As an example of the potential for these people to abuse “more than their fair share” we quote expert in the field Robert D Hare, a researcher in the field of Criminal Psychology. In his book Without Conscience Robert writes:

“Most psychopaths have lots of victims. It is certain that a psychopath who is causing you grief is also causing grief to others.”  “Everyone is vulnerable to the psychopath, and there is no shame in being victimized. This may be difficult to accept if you have just been conned and are too embarrassed to complain to the police or to testify in court. But you may be surprised by the number of people in your community who have been taken in.”  “Not all psychopaths end up in jail. Many of the things they do escape detection or prosecution, or are on the ‘shady side of the law.’ For them, antisocial behavior may consist of phony stock promotions, questionable business and professional practices, spouse or child abuse, and so forth. Many others do things that, although not illegal, are unethical, immoral, or harmful to others: philandering, cheating on a spouse, financial or emotional neglect of family members, irresponsible use of company resources or funds, to name but a few.”

While the low conscience disorders make an appearance in the psychiatric diagnostic manual DSM-V, the clinical description fails to highlight the destructive nature of the low conscience disorder. For an accurate picture of how the low conscience disorders play out at home, in the workplace, in business and in government it is necessary to peruse the many victim/survivor forums. There is also a steadily growing number of books available on the subject.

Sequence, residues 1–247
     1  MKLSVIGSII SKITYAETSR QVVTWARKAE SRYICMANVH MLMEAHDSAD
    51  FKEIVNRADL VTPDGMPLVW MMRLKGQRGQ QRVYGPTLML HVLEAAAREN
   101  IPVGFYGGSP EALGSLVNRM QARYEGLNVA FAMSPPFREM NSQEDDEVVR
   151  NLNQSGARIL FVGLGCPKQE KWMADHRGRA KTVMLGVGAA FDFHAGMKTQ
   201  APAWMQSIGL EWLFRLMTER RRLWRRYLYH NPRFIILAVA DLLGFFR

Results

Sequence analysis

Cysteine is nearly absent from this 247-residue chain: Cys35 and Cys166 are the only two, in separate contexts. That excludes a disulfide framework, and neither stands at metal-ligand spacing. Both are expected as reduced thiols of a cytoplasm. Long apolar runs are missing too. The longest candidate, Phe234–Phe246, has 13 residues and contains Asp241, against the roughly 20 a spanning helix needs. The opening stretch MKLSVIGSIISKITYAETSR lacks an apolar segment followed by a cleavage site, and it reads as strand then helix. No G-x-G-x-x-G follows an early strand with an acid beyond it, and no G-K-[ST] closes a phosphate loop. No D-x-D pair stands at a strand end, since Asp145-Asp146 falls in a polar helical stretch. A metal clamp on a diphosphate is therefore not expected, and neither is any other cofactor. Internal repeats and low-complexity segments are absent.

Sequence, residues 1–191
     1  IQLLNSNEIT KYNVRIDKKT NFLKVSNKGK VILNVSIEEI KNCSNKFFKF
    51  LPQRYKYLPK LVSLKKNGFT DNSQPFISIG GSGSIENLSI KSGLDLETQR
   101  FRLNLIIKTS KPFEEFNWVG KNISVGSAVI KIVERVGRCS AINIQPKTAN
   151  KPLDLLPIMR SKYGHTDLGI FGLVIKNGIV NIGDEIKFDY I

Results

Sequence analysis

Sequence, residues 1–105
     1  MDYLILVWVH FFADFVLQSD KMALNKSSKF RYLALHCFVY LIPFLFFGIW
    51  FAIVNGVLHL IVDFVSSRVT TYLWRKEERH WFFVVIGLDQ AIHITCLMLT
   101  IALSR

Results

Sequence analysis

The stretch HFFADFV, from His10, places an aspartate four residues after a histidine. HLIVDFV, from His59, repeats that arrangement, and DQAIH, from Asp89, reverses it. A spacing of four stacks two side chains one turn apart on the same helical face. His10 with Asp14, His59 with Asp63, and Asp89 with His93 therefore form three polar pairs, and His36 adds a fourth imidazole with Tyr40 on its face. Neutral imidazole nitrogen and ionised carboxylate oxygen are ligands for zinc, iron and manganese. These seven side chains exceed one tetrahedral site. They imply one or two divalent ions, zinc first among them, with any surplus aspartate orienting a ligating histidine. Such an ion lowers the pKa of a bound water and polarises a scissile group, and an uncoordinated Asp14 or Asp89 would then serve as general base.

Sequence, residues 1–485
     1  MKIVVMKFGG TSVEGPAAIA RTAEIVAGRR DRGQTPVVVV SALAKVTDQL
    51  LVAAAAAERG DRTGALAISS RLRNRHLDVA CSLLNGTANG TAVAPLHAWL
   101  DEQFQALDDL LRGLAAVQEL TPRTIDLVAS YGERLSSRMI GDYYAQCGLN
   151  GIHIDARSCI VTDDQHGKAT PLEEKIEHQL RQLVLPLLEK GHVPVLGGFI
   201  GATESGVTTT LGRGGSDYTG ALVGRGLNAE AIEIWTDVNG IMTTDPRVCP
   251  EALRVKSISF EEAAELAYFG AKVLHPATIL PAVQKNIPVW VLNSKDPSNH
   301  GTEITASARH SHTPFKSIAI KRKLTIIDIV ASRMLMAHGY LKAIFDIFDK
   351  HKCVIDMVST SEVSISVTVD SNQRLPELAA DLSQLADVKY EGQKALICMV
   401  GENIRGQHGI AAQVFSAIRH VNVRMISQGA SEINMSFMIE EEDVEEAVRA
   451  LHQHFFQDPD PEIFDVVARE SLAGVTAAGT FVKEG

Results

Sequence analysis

We welcome the State Government’s action on domestic violence and urge that allocation of funds considers management of the low conscience disorders.

In the interest of educating the Tasmanian Community Becky invites readers to share their story anonymously here.

Further reading:

Without Conscience; Robert D Hare

Bad Boys, Bad Men; Donald Black

Puzzling People; Thomas Sheridan

Backstabbers and Bullies; Adrian Furnham

Author: Becky and Dean Morgan (pseudonyms used in order to protect the identity of child victims)

Refer: Without Conscience; Robert D. Hare; The Guilford Press; 1999; ISBN 9781572304512

To view the press release click here